In my school, the children are united in their wish for everyone to be a part of their school – as I have already written about in earlier blogs I am immensely proud of their understanding of everyone being unique. We celebrate our differences and we find it difficult to understand when or where this was or isn’t always the case. However, I know this is not true of all the teachers in the school – some do believe that certain children should not attend mainstream and even though I also wish that some would be given the chance to attend a special school that would fulfil the teaching and learning they require – this is really a tiny minority (less than 1%). For a lot of our children with special needs having their peers around them fulfils them in the way that is most important to children – they have fun, have social interaction and they play well together – let’s forget learning for a moment. These interactions are not always available in certain classes in special schools so it is a case of weighing up again what is right for that particular child and not how some would do – lump them together and send them elsewhere.
Some mainstream schools have “units” attached to them – these are often called “additional resource bases” now. In theory, certain children will be educated here in small classes for certain lessons based on their particular special needs (e.g. autism unit) and will re-join their mainstream peers for other lessons during the day. I obviously do this to some extent with having small groups withdrawn for maths and literacy during those lesson times or for supplemental lessons during afternoon classes but there is a much wider group of children going out (and this included Gifted and Talented) so there is not the same stigma attached that could happen if it is only a particular group that is educated in the “unit”. I would imagine that once again each school is different in how it uses its “Unit” and the quality of teaching that goes on – I have visited a few in my time and some were wonderful and some not so (more like a detention centre!)
Lastly, I get on to the subject of underpaid. I am not going to bang the gong for teachers but I do want to stand up for those many countless hundreds of thousands of Teaching Assistants around the world who are doing an incredible job helping to support children and teachers. Those many that have got qualifications (including degrees) that far outweigh some teachers and for the most part are being paid on some of the lowest levels because that is what the job was advertised at (countless years ago) but doing way more than the job now entails and all because of their love of helping children succeed. I too was once one of these being paid as a Level 2 (the levels begin at 1) despite being qualified as a teacher and working towards my MA whilst planning and teaching daily literacy for a group of twelve children with a range of special needs and EAL as well as co-ordinating art and being a TA for three teachers. No these TAs do not want to become teachers (many have other commitments in their lives especially raising their own families) but they should be paid a wage commensurate with what they actually do. All I get told is that if they want to be on a level 3 then they need to be in front of a classroom of kids holding the fort when the teacher is away – this is not where their skills lie and is demanding in a totally different way as well as needing completely different skill set.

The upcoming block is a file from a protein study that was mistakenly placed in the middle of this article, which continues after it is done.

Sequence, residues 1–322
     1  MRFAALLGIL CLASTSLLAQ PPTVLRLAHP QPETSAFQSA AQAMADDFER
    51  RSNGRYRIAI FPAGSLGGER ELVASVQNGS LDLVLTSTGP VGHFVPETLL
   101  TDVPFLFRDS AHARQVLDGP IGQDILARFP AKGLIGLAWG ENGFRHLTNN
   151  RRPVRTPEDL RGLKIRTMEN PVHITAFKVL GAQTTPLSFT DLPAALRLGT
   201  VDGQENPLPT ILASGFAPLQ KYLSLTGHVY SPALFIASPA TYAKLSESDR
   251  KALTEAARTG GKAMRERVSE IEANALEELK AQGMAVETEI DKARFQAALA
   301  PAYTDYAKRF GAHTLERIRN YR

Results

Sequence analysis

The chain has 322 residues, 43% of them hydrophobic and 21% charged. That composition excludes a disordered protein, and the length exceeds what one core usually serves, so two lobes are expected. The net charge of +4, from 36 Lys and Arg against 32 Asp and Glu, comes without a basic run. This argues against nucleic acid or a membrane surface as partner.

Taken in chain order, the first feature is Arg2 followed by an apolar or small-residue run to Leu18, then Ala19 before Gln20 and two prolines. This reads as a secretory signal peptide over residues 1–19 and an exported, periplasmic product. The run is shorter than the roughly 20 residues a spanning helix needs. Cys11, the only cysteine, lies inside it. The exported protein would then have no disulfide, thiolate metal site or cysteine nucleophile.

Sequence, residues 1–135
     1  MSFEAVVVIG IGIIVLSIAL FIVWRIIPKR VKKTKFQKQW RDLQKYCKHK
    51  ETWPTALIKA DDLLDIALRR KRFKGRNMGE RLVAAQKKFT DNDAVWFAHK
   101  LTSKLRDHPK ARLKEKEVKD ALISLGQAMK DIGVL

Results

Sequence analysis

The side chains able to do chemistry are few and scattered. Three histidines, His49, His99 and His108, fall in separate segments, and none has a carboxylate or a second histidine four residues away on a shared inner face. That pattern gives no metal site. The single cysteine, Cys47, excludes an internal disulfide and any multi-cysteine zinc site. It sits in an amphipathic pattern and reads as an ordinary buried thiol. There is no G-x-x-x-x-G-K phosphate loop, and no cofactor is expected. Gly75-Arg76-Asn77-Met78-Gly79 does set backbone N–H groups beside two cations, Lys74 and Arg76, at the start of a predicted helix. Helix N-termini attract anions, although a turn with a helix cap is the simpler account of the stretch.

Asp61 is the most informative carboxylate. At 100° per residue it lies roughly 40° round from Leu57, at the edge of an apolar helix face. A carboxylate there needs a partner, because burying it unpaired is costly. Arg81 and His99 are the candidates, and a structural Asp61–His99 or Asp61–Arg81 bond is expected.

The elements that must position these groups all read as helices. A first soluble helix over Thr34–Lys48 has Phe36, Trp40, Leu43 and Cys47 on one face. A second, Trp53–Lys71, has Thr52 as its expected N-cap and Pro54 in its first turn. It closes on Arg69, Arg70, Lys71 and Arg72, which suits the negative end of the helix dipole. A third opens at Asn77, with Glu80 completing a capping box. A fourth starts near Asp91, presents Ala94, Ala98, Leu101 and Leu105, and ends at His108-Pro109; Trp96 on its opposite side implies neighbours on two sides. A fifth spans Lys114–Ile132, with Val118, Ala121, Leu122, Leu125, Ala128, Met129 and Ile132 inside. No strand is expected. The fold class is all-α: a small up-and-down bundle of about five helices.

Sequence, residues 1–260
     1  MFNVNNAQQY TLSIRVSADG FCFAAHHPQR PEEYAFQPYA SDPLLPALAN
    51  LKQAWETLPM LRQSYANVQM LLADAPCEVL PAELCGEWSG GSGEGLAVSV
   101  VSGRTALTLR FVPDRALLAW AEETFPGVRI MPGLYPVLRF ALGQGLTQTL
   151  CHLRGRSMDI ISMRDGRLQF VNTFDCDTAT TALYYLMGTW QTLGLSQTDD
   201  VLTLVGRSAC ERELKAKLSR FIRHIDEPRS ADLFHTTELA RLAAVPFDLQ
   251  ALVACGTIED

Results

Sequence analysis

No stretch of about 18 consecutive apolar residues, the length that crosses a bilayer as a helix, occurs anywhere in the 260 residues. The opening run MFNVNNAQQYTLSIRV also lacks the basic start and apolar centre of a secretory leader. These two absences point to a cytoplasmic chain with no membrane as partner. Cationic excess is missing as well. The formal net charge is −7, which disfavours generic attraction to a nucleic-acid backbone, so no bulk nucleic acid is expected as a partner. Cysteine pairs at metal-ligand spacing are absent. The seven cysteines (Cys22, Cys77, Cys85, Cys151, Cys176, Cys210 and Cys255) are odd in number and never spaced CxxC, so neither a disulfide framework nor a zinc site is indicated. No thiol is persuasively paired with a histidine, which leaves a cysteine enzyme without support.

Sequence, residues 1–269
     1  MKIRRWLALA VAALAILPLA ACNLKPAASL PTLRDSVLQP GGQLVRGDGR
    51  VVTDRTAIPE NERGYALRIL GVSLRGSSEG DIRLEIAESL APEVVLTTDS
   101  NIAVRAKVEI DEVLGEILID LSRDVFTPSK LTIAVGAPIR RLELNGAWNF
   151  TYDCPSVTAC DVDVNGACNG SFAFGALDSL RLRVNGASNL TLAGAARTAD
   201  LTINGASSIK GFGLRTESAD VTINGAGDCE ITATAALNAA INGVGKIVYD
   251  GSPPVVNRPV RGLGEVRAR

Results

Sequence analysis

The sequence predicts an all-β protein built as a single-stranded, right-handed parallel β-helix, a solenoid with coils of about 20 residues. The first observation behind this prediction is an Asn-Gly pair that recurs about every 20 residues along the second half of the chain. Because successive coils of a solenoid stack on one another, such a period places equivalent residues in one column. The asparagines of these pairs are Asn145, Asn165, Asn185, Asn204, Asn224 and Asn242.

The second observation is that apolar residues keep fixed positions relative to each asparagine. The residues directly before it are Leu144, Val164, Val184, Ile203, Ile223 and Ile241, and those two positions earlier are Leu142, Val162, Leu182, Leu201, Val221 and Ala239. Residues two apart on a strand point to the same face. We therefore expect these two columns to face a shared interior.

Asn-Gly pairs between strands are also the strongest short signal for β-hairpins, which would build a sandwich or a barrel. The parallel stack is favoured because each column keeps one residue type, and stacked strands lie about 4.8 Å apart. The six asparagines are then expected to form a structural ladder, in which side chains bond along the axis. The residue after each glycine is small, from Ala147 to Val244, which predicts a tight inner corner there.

I’d love to know what you think – particularly those who are working as teaching assistants – are you afraid you will lose the job that you love doing if you push for a higher level or are you always being promised an increase but it just never seems to come around?
TpT for the day is U is for UFO Irregular Verbs game:
I have to thank the A to Z Challenge for giving me the extra push to make my products available on the TpT site – April has been my most prolific month since I started – mainly because I have had to create or upload for certain letters of the alphabet – like today!!